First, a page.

Fog of War
2003Director: Errol Morris
Cast: Robert McNamara
an a person’s life be defined by just one particular event in which they were involved? What is the true measure of an individual’s worth or goodness? Is history forever bound to repeat itself? Does nuclear war mean the end of civilization?
These are just a few of the questions raised by Errol Morris’ The Fog of War, subtitled Eleven Lessons from the Life of Robert McNamara. Morris, arguably America’s greatest non-fiction filmmaker (Gates of Heaven, The Thin Blue Line), began interviewing McNamara (an extraordinarily sharp 85 years old at filming time) before the terrorist attacks on September 11, 2001. The events that would follow, as the unlikely pair’s more than twenty hours of interviews progressed, lend the film not only a staggering relevance to the here and now, but a legitimate sense of urgency. While the film focuses on McNamara’s pivotal role in 20th century politics, The Fog of War ultimately has as at least much to say about the present (and the future) as it does the past.
McNamara, who served as Secretary of Defense under Presidents Kennedy and Johnson, is frequently villanized as being the architect of the Vietnam War. Though fingers are pointed provocatively in the directions of Johnson and General Curtis LeMay, Morris by no means excuses McNamara for the role that he played in America’s involvement in Vietnam, and, however thoughtful he may come across, McNamara doesn’t go so far as to repent for old sins either (as he puts it in the film’s epilogue, "I’d rather be damned if I don’t."). Still, in light of America's current ill-informed invasion, McNamara’s confessions and contemplations of wartime leadership and decision-making feel inadvertently revelatory; the parallels between Vietnam and Iraq are downright eerie.
As an eye-opening examination of the political turbulence of the '60s (from the Cuban Missile Crisis on through Vietnam) The Fog of War functions as an uncanny companion piece to J. Hoberman’s excellent 2003 book, The Dream Life: Movies, Media, and the Mythology of the Sixties. Both are filled to the brim with more enlightening facts and figures than I could begin to quote here, but each also succeeds brilliantly as a vital work even beyond their importance as a history lesson.
Morris’ aspirations are clearly much broader than that. If the film’s immediate relevance is strikingly coincidental, it would still remain an indelible look back at a man’s life, regardless of what happened to be going on at present in the world. Through Morris’ seamless skill at complementing his interviews with archival footage and other fitting visual aids, we witness the rise and fall of McNamara, the Berkeley wunderkind, whose first memory, at age two, was of crowds celebrating in the streets following America’s victory in World War I.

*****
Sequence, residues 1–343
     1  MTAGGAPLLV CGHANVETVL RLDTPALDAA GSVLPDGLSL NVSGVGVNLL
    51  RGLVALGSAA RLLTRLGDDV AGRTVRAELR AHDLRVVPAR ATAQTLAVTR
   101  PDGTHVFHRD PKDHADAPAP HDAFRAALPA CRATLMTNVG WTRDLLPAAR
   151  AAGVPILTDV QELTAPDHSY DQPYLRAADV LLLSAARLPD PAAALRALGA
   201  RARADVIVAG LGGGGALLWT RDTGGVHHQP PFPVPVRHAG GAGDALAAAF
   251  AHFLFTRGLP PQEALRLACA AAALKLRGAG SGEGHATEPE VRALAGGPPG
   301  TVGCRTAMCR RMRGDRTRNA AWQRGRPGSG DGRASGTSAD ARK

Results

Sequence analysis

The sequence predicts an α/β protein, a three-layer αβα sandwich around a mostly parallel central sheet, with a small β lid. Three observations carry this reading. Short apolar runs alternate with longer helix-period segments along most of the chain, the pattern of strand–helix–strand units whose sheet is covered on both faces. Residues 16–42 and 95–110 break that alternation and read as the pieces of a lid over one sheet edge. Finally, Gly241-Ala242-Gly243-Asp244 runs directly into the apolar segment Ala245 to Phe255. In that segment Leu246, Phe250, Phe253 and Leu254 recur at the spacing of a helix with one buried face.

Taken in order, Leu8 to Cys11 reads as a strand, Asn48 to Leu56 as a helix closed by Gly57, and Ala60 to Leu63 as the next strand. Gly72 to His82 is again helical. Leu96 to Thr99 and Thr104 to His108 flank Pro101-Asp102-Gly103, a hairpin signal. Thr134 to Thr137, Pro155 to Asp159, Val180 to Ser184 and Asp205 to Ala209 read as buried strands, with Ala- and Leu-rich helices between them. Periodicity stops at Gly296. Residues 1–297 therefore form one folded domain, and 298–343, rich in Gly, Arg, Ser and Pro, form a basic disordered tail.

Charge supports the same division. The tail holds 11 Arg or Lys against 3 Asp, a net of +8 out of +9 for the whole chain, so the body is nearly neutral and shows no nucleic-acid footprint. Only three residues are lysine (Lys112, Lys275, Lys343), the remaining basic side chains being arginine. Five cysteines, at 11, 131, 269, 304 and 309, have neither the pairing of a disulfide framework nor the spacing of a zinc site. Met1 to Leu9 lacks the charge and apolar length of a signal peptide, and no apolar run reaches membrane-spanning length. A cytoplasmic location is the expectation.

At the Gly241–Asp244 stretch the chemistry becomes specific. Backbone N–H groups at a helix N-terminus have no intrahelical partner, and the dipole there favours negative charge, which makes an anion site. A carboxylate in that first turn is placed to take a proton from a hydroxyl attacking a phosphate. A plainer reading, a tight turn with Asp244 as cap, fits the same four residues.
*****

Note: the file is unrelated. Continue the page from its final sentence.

McNamara displays genuine, if reluctant, remorse when discussing his part in the use of fire-bombing during World War II, admitting that had the United States lost the war, he would—and should—have been tried as a war criminal. Moments later, the same man beams with pride as he talks about the integral role that he played in the installation of seat belts in American automobiles, while working for Ford Motor Company (of which he briefly acted as president, before abdicating the post to serve as Kennedy’s Secretary of Defense). The film’s most deeply moving moment finds McNamara emotionally overwhelmed, tearing up as he speaks sincerely about personally picking out the spot for Kennedy’s gravestone in Arlington National Cemetery.
The Fog of War is as poignant an autumnal portrait as Godard’s JLG/JLG. As an emblem of the Great American Tragedy, Robert Strange McNamara is as complex and compelling a subject as Charles Foster Kane. To paraphrase Marlene Dietrich’s famous final line from a later Welles masterpiece, "He [is] some kind of a man..."
By: Josh Timmermann
Published on: 2004-03-12